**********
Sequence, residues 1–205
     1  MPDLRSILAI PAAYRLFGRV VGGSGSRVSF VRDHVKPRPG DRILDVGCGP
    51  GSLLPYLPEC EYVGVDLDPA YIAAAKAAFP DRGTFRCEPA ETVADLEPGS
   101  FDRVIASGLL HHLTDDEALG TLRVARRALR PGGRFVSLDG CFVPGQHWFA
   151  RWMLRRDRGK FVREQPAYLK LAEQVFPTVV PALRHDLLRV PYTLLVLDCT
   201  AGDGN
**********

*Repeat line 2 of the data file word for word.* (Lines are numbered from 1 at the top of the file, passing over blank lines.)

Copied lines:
     1  MPDLRSILAI PAAYRLFGRV VGGSGSRVSF VRDHVKPRPG DRILDVGCGP